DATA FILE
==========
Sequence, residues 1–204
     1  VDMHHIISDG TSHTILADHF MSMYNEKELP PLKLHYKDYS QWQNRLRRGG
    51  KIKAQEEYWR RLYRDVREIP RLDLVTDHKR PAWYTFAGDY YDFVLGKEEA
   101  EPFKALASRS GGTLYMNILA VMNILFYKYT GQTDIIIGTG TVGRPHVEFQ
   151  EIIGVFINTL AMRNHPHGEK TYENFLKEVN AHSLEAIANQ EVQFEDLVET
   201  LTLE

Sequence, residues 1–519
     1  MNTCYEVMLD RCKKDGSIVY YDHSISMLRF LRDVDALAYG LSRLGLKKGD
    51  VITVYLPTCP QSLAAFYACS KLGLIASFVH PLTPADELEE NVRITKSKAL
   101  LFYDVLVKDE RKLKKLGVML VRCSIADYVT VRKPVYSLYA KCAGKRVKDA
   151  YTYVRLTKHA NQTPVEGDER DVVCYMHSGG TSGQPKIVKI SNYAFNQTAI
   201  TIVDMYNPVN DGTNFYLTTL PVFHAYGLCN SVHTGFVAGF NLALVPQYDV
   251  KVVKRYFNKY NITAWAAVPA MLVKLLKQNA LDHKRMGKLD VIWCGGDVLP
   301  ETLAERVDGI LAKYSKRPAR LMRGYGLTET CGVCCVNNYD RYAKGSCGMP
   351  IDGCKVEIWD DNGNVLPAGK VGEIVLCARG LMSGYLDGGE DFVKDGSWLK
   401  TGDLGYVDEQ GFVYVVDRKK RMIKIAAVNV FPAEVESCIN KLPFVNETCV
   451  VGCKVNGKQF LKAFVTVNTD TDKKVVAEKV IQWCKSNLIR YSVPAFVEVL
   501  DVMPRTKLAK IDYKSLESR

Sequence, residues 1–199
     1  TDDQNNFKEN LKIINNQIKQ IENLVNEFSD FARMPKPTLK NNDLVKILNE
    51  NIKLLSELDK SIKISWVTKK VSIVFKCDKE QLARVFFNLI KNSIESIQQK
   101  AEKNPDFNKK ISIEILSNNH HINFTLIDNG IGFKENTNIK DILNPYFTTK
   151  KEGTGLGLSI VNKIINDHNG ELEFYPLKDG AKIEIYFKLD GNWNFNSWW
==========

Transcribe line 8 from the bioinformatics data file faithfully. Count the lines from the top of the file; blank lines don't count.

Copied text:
     1  MNTCYEVMLD RCKKDGSIVY YDHSISMLRF LRDVDALAYG LSRLGLKKGD